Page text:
Reflective Narratives

The demonstration of learning is the most critical ingredient in the portfolio. You can demonstrate learning through competency statements organized in point form sentences, paragraphs/essays, or columns. Reflection is a critical component of any academic portfolio and can be documented in several ways including: chronological histories, personal and professional learning narratives, and autobiographies.

Chronological histories:

This will list all the major experiences of your life so far and should be written first as it will form the basis of all other narratives.

Personal and Professional Learning Narratives:

Often short and scattered throughout a portfolio, these are written as a reflection on a particular piece of evidence to help the reader understand the importance of that piece of evidence.

Additionally longer narratives can be written at various points of learning (for example, at the beginning, midpoint, and end of a project) which reflect stages of learning similar to a diary.

Autobiographies:

By far the most ambitious narrative, an autobiography is an important part of a portfolio as it ties together the chronological history and the personal/professional learning narratives.

Writing a Chronological History

You can begin the list when you left high school or went out on your own, and continue to the present. Any experience may qualify, but if you have difficulty deciding think of those lasting at least a month.

Questions to ask:

  • Where did the experience take place?
  • What was the length of the experience?
  • What were your duties and responsibilities?
  • What did you learn from the experience?

Life experiences to consider:

Employment, volunteer work, education where you received a grade or a certificate, training not resulting in a grade or certificate, self taught activities, licenses and awards, travel, hobbies and any other activities you believe may be relevant.

How to get help creating your chronological record:

  • Talk to friends, family and coworkers
  • Look at photo albums

Writing Personal and Professional Learning Narratives

If you are creating an academic portfolio your learning narrative may develop from shorter learning statements. Regardless of the purpose of the portfolio, you should know your audience and the narrative should add to or otherwise address the evidence within your portfolio.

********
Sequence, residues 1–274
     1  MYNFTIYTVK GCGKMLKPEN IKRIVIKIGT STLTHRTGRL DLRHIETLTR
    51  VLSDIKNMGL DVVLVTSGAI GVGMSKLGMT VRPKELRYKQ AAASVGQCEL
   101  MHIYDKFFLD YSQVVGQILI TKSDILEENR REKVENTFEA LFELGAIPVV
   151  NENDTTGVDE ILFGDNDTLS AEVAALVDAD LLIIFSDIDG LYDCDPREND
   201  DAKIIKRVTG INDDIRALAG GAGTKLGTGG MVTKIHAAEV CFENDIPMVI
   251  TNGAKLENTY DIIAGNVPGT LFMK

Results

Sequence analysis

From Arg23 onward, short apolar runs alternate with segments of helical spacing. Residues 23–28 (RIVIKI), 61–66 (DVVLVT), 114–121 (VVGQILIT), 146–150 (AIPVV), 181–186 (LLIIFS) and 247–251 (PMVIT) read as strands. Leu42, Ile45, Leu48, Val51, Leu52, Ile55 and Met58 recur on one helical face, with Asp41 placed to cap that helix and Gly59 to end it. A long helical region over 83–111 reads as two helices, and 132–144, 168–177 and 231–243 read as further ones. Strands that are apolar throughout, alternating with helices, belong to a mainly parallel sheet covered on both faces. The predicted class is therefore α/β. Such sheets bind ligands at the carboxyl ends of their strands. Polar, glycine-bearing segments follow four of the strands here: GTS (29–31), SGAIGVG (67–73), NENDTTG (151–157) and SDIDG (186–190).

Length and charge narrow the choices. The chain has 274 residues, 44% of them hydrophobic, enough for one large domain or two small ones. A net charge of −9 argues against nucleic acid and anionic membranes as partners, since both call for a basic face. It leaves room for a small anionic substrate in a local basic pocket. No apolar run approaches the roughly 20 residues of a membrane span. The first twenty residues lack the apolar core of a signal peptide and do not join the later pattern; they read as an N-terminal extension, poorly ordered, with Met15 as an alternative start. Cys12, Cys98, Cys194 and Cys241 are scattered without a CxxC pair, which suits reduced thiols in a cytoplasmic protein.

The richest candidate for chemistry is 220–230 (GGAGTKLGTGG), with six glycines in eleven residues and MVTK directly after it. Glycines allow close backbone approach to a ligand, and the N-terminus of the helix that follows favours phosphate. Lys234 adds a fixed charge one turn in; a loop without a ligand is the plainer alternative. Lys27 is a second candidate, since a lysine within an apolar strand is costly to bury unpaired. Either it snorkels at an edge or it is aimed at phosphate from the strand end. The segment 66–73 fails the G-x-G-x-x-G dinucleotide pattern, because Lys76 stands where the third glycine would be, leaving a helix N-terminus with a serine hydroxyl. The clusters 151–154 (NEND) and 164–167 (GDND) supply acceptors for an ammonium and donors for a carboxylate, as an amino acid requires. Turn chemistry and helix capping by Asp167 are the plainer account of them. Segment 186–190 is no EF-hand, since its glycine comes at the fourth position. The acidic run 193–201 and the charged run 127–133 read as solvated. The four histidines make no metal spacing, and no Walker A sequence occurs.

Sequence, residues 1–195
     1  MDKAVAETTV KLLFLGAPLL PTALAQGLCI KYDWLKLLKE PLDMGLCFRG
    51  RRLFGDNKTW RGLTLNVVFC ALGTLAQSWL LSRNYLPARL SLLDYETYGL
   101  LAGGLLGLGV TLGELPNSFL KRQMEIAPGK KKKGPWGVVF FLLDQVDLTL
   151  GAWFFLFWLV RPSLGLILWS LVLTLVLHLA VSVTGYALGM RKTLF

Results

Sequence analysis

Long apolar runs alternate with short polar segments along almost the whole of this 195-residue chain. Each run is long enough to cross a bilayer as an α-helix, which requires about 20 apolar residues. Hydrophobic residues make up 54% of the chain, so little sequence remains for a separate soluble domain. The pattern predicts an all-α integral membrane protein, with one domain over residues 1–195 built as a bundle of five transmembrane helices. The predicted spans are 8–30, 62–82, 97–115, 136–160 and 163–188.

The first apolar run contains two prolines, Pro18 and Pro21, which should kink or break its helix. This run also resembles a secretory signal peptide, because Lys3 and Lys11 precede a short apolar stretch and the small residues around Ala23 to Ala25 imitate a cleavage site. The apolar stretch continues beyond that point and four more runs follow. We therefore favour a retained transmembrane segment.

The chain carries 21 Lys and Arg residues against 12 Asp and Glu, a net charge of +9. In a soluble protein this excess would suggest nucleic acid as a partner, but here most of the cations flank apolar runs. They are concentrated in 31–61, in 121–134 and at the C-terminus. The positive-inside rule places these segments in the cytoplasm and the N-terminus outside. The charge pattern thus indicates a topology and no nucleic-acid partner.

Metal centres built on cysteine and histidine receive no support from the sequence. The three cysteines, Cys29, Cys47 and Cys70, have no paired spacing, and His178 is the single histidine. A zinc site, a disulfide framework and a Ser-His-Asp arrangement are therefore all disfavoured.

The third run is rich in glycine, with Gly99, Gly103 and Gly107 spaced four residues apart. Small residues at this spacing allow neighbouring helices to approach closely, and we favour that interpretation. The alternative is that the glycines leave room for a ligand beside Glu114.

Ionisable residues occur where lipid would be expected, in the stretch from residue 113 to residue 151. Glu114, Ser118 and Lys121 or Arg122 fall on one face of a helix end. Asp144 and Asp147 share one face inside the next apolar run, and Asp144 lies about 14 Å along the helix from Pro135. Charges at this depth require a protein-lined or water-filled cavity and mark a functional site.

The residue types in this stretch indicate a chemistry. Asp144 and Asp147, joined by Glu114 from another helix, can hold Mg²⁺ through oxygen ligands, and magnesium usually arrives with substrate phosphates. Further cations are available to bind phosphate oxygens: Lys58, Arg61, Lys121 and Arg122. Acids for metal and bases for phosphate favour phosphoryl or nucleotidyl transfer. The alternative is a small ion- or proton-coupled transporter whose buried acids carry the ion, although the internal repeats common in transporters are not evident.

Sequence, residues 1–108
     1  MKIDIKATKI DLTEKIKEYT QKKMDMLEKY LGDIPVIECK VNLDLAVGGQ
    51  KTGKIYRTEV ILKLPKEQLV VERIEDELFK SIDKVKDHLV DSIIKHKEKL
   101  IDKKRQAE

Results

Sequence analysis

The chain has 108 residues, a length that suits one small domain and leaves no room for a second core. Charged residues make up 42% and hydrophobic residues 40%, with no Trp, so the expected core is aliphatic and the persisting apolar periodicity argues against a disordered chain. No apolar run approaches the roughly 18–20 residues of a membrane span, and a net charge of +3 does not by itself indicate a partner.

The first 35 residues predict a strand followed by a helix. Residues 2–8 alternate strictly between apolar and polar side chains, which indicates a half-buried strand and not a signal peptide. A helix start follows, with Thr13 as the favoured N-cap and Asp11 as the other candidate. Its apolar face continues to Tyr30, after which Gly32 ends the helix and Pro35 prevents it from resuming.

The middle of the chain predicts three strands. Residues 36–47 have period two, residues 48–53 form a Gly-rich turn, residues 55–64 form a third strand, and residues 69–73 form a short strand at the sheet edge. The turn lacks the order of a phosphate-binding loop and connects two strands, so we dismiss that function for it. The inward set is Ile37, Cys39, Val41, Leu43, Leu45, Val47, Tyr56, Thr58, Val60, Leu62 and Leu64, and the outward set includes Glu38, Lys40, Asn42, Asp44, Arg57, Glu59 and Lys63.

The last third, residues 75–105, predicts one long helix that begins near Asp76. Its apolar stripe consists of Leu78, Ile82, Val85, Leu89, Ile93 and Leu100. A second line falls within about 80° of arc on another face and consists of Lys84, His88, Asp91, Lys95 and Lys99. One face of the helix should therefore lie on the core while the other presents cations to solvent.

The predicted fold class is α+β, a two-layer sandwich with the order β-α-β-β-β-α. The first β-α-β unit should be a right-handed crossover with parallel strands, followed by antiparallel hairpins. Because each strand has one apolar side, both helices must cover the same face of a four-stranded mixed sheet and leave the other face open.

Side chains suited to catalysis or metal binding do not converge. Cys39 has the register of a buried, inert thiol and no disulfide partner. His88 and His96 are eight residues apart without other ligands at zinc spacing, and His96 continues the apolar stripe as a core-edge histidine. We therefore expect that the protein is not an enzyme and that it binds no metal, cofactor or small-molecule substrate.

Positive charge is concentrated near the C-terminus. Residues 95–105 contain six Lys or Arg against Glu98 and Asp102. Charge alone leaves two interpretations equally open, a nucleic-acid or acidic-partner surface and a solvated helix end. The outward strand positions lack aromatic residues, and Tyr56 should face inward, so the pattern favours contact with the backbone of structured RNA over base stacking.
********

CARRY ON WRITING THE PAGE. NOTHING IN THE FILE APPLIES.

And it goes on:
Use the to help you begin organizing your narrative.

View the sample narrative that was developed from this completed 


Writing an Autobiography

The following has been adapted and is used with permission from Athabasca University: 2007

"How to Write an Autobiographical Essay/Personal Narrative"

A short summary of your life story, two to four pages, begins your portfolio. It tells the assessor how you got to be who you are now (attitudes and behaviour), what things you did to gain what you know now (knowledge), and what you can do (skills). It is important for the summary to show how you and your abilities are connected to the kind of work you are doing now and what work you hope to do in the future.

There are a number of steps you can follow to help you do this:

1. Drawing a lifeline.

A lifeline (for the purposes of this website, this is equivalent to your chronological history as noted above) is a line drawing that visually shows the important personal and work events, especially voluntary activities, that have happened in your life; for example, you will mark events on the line like your birth, your school entrance, your high school graduation, your first job and any other important highlights (either personal or work related; either large or small) that happened during your life up to the present time that influenced your present learning with respect to your degree program.

How is drawing a lifeline useful to me

A lifeline drawing helps you remember important events in your life so you can write your life story; it is for your personal reference only. It is not put in the portfolio.